Spoke Talk: Share the road — safely
As biking season continues, it is time to remind everyone, bikers and drivers alike, to be courteous to others.
- Don’t be a bike snob: Waive, nod or say Hello to your fellow bikers. Also, if you are riding up on someone, don’t be stealth: say something to warn them that you are passing. Even if some have mirrors, like skiing, it is not their job to be constantly looking behind themselves.
- Follow the laws: The best way to earn the respect of drivers is to obey the laws, which include: stopping at red lights and stop signs, signaling turns and riding in single file when cars are approaching.
- Take out the earbuds: Not only is it illegal, but enjoy the sounds of nature (peeper frogs and sandhill cranes are my favorites to listen to, and if I am lucky, I can hear a hawk or eagle); it also helps you hear oncoming traffic.
- Stay off of the sidewalks downtown: It is not safe to ride on Lincoln Avenue either. Use Oak Street, Yampa Avenue or the bike path.
- Don’t ride against traffic: Ride on the right-hand shoulder. If you are biking on the left-hand shoulder, then drivers at an intersection who are turning right will not look in your direction, and you could be hit.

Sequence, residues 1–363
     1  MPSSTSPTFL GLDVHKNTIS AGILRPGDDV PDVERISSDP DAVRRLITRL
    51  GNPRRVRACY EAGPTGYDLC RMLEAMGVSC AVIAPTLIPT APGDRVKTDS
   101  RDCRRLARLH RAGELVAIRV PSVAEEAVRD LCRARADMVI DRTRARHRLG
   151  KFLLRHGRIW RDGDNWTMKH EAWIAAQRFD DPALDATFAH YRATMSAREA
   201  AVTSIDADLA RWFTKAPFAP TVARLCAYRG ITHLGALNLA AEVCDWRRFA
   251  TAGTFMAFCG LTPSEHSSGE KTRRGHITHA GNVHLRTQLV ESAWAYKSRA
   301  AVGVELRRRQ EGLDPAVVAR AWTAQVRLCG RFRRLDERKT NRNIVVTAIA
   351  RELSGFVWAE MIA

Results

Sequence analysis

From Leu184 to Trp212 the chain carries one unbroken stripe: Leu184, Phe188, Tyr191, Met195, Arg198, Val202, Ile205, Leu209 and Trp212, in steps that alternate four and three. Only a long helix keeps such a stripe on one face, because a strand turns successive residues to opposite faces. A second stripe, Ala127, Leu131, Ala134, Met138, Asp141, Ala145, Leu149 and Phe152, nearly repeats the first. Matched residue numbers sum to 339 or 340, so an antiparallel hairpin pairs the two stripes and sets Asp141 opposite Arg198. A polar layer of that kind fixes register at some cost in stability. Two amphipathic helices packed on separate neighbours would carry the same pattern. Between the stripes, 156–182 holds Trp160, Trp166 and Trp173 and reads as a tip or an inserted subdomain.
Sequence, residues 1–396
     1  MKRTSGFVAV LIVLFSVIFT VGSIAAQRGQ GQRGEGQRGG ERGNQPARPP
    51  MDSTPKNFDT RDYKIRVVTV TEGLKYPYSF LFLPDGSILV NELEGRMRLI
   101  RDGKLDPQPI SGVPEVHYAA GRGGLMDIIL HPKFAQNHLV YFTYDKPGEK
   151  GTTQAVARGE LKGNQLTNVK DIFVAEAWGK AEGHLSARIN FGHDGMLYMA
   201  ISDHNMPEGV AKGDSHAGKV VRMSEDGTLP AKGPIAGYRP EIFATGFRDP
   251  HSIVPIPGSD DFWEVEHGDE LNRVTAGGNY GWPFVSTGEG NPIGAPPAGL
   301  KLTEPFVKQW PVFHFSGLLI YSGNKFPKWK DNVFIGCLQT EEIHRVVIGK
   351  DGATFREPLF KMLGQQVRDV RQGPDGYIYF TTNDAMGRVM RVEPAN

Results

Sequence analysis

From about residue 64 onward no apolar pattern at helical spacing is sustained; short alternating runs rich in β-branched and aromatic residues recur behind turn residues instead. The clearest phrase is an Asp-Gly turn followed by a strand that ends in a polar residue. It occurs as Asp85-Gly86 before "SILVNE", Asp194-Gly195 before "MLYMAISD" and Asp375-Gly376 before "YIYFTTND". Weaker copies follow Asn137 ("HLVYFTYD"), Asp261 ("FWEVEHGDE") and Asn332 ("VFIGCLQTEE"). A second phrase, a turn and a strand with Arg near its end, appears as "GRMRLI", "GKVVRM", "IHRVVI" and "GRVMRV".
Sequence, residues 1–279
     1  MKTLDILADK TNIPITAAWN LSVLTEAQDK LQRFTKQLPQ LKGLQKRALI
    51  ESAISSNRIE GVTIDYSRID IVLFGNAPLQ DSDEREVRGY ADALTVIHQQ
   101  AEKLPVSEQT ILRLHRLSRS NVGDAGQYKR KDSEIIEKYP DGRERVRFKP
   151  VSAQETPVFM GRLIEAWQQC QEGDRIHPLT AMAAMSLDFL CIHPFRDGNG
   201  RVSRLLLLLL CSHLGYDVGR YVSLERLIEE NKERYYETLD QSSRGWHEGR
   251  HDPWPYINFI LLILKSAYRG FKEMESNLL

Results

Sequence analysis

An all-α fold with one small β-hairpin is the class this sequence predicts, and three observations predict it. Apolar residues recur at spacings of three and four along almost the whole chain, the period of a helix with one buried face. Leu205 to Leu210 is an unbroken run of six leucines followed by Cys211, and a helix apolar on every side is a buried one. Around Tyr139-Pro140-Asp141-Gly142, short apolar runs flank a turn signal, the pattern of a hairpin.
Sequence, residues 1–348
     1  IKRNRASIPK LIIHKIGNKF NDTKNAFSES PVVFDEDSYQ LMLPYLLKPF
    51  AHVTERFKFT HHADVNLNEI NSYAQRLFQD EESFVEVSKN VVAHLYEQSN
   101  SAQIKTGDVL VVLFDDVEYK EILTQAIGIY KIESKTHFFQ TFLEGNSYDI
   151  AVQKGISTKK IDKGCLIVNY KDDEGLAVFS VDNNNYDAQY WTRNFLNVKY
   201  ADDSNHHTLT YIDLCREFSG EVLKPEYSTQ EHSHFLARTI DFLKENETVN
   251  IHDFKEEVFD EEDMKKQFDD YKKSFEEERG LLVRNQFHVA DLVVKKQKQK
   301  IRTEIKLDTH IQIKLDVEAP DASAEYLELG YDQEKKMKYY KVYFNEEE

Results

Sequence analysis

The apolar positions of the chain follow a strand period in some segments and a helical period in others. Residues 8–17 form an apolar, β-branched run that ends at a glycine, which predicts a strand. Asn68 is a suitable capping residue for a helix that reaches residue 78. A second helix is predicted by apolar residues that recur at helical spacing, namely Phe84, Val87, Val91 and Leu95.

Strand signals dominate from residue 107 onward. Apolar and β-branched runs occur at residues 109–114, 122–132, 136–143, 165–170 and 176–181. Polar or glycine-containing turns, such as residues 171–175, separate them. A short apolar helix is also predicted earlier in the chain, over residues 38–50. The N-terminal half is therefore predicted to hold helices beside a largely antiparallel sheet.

- Participate in a fundraiser bike ride: Put your biking to good use by raising money for a worthy cause. There are plenty of opportunities to do so.
- Give bikers plenty of room when you pass: Opposite sides of the white line isn’t always enough; on many shoulders, there is much gravel and other detritus which can cause flats. If there are two lanes U.S. Highway 40, use the left one (the “passing lane”) to pass bikes.
- Leave space: The law says 3 feet, but the bigger you are and/or the faster you are going, you should give more than that.
- Use your turn signals: If the bicyclists know where you are going, then they can plan accordingly.
- Don’t pass a bike and then make an immediate right hand turn. You would not do that with a car; waiting 30 seconds to one minute will not kill you or make you late.
Runners and walkers
- Travel on the left side of the road facing the oncoming traffic. That way, no one is surprised
- On the Yampa River Core Trail, walk a maximum of two abreast; please don’t block the whole trail.
- Do you have a dog? The leash law says a 6-foot leash. Reel them in when others approach.
Let’s all have a safe biking season.
Lee Cox is a longtime Routt County cyclist and multi-modal board member.
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